4/17/08

Spring in the Ruth Bancroft Garden

I haven't been here in over a year, and I haven't been here in the springtime, ever.

Spring, such as it is, in California.

Our last visit was in December 2006, and our first visit was in June. I was just a wee garden blogger then. Too funny to read the olde blogge postes.

For one thing, I know how to spell Beschorneria now.

But I'm still not sure how to distinguish certain Beschorneria from Agave attenuata.

Sigh...still just a sapling of a gardener; still so much to learn...

Let's start today at the oasis. This is pretty much it for water in this exceedingly dry garden. (There are sprinklers and hoses here and there but I can't imagine what they're used for.)

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Bancroft collected and planted several kinds of Eucalyptus long before that genus became synonymous with evil in California. It's hard to watch them intrude into California's oak woodlands and coast ranges, but easy to enjoy their features in dry gardens and urban parks like this one. In this picture I like how the exfoliating bark relates to the floppy aloes and agaves. The pointy yuccas on the right add some visual balance.

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Several tall trees serve as strong design elements and focal points.

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Chorisia speciosa

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Brachychiton something

That's a Brachychiton above; lots of little things are planted in the soil mounded on the crown. You wouldn't want to mound soil on the crown of most trees, but I guess you can with this one.

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The noblest tree in the garden must be what I presume is a valley oak, Quercus lobata; noble because it's the only tree that provides deep shade in the garden's hot, dry, desert-like environment.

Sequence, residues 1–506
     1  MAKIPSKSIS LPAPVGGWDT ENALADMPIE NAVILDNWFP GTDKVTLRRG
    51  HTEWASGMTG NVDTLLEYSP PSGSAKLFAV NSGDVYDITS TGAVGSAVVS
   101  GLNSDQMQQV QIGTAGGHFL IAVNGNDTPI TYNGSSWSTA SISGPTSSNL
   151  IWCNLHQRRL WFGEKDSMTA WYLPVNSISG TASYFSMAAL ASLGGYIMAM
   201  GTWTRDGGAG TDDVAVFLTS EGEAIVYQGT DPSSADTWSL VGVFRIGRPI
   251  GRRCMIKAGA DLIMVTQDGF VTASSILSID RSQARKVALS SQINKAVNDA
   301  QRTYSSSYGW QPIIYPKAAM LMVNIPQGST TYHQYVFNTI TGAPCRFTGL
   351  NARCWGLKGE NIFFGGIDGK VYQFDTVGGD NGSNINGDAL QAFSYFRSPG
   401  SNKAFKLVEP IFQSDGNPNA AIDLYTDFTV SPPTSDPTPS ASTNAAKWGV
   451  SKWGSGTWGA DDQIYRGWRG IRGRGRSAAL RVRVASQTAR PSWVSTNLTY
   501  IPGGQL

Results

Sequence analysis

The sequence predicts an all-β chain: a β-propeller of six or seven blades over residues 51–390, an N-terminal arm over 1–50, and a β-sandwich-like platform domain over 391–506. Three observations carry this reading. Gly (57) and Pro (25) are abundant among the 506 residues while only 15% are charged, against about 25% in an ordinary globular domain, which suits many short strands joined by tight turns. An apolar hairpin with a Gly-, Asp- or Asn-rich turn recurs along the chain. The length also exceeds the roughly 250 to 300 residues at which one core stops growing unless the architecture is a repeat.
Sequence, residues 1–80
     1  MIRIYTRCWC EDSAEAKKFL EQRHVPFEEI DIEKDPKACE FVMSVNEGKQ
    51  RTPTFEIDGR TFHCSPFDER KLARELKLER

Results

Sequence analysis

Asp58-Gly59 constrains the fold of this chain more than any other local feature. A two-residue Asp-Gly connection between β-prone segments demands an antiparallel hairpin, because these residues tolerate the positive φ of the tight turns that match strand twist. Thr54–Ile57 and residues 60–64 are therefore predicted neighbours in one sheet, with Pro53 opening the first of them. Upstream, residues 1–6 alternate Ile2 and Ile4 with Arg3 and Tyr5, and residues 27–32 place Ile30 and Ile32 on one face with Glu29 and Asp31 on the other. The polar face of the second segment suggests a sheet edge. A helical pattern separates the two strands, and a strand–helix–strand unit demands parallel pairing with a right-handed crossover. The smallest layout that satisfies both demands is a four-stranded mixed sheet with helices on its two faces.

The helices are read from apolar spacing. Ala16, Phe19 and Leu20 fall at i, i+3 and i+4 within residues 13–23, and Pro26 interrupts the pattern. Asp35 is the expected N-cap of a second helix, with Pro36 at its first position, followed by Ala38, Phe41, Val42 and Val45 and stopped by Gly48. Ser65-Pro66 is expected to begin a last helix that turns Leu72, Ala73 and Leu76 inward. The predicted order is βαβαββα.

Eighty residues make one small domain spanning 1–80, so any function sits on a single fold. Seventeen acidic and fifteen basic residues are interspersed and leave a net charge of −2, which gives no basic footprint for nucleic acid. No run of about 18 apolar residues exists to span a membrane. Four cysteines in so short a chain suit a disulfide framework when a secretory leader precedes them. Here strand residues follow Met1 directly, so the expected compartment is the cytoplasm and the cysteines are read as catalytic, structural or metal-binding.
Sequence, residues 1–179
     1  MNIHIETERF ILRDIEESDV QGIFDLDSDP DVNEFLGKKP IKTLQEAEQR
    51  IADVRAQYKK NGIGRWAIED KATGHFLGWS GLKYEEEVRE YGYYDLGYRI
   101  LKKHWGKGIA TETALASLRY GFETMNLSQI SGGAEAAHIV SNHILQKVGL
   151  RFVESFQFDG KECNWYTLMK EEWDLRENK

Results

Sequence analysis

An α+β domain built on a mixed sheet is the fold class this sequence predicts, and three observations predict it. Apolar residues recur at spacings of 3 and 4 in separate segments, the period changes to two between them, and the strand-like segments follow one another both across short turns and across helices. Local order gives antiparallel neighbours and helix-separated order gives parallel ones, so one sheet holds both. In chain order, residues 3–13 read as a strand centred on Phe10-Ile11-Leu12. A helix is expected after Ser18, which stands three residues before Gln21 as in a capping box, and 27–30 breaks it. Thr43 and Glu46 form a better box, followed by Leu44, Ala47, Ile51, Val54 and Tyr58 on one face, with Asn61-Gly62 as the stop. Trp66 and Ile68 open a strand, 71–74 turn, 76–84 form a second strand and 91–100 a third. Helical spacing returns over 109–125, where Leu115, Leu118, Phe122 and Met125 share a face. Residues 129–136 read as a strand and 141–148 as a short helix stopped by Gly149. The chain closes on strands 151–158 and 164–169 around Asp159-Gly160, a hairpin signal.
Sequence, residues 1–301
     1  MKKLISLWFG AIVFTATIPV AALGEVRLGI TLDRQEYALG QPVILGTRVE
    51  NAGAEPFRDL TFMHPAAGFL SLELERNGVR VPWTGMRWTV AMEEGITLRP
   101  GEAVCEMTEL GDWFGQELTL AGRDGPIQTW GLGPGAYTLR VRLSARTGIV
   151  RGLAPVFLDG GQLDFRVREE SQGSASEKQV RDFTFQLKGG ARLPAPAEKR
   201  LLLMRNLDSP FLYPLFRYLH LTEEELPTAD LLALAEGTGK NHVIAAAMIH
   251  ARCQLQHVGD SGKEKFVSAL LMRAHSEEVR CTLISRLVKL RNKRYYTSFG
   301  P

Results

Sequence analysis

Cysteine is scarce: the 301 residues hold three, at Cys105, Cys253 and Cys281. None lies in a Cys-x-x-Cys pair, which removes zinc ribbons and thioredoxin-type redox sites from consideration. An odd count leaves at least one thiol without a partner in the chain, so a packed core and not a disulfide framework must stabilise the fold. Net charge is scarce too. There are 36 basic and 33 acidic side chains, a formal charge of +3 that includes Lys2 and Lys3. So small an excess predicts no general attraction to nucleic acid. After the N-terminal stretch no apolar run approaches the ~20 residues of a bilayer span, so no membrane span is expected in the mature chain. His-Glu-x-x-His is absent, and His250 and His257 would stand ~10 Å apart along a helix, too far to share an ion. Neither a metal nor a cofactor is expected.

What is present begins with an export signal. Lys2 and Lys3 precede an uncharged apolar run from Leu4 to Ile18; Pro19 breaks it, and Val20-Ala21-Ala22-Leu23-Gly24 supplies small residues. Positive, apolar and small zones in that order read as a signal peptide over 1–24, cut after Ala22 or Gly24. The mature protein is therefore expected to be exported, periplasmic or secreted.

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It has some remarkable branching.

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Quercus lobata

Quercus lobata

Well-sited oaks grow fast. Plant one now and enjoy it when you're old.

Underneath it, a water-loving annual Claytonia has died for the year. I thought it curious that it turned red, and Emma said, "Yeah, I've seen that."

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Everyone plants agaves in full sun, but they can be striking in part-shade.

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All these years of planting agaves in our gardens, and yet the variegated forms remain rare.

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This one's inflorescence seems uncommonly massive to me.

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There are some color palettes and forms you can only obtain with desert plants.

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This combination was a pleasant surprise.

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But it makes sense. Salvia spathacea seems to do best in dry shade. In my garden it needs water in sun or it gets powdery mildew.

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I approve of the Osteospermum too, but this is where the Romneya coulteri was in previous visits. I hope it's coming back.

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Babiana

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4 comments:

germi said...

Thank you for pointing out to me that I have been misspelling Beschorneria for two weeks now ... as I've been documenting mine blooming it's freakish head off.

The way I tell the difference between Beschorneria and Agave attenuata is the quality of the leaves. I find the Agave more rigid and sculptural, while the Beschorneria has more linear and flexible leaves.

What awesome pics, by the way!

mmw said...

Which Beschorneria looks like A. attenuata?

And I beg to differ about variegated Agaves: var. marginata is on my shortlist of most overused plants in NorCal. That one you photographed is excellent though.

Blackswamp_Girl said...

You're so right... there are some color combinations that can only successfully be done with desert plants.

The rest of us can only drool. :)

lisa said...

You really have the best of all climates in California, Chuck...lucky! I really love the look of the desert plants, but I think I get too much rain. Great pictures as always, and I just love the funky branches on that oak. I bet it would be a good bonsai specimen....hmm.